One of the disciples tasked to frustrate this water project is one Kenneth Wiyo, an associate professor at Bunda College of the Lilongwe University of Agriculture and Natural Resources (Luanar). After failing to justify the allegations that the project didn’t follow proper tendering procedure, he now says there is no “hydrographic study and EIA” in place to support the commencement of the project. In his remarks, he raises the questions of power supply needed to pump water from the lake to the inlands of Lilongwe.

Let it be reminded, or indeed be known by the very public purported to be misguided, that an EIA is only used as a decision aiding tool rather than decision making tool. Neither does it mean that for a project to go ahead it has to be free from negative environmental impacts. It all lies within the competence of the selected formidable contractor to necessarily mitigate crucial estimated negative impacts.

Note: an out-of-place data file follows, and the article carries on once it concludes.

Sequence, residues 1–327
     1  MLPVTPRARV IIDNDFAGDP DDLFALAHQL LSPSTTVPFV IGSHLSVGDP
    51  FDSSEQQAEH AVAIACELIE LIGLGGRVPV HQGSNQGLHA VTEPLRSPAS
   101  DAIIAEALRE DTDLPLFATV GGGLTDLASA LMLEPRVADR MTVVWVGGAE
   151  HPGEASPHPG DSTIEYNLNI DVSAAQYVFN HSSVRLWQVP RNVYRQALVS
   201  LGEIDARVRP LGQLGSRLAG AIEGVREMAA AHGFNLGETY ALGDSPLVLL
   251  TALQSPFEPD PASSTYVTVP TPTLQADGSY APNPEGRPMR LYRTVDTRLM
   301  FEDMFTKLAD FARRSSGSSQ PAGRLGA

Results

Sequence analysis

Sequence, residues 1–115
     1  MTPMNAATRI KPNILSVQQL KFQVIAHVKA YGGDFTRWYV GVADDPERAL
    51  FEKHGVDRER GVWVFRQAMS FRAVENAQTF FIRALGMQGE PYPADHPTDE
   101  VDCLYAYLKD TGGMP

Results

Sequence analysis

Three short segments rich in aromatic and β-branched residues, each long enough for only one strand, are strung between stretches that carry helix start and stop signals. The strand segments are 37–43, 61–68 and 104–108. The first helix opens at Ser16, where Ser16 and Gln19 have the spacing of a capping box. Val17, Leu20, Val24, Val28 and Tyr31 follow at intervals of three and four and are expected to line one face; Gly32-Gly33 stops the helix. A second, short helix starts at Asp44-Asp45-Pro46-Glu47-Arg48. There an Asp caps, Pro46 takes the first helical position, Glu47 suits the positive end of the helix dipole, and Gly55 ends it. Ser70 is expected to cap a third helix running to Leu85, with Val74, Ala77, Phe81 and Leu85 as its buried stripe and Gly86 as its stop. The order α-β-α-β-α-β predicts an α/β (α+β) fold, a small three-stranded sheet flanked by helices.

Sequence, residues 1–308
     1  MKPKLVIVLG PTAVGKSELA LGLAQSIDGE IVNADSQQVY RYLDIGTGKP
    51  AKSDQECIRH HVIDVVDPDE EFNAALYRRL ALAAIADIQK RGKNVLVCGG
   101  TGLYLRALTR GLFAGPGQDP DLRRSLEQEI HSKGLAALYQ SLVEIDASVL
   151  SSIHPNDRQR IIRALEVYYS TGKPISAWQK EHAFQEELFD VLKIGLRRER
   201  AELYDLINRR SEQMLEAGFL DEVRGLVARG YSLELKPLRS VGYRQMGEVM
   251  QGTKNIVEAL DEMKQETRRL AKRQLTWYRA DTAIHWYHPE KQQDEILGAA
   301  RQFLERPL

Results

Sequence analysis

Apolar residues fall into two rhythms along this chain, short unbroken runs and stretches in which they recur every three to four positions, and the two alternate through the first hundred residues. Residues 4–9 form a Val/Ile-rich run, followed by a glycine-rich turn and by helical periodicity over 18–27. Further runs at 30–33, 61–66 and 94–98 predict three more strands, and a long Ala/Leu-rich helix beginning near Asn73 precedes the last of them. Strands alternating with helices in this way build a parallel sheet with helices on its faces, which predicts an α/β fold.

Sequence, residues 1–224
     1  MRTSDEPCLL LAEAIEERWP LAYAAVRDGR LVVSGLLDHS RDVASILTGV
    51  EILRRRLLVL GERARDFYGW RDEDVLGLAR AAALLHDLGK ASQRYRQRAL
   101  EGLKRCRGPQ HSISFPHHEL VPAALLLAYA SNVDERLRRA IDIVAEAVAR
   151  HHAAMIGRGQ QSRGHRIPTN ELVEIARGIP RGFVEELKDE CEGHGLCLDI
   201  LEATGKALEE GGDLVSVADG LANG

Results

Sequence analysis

Looking at complex water projects that Khato Civil has carried out in South Africa and other countries across Southern Africa, I declare with authority that I do not think Malawi can have special complex impacts that it can fail to manage or any special standards that Khato Civils cannot meet.

Khato Civils and South Zambezi make such a giant force with remarkable competence in construction and engineering projects. Complex projects in countries with highest standards than Malawi have been performed and delivered by this force. It sends me into laughter, therefore, to listen to “Engineers” who have never designed a footpath before, babbling some theoretical arguments.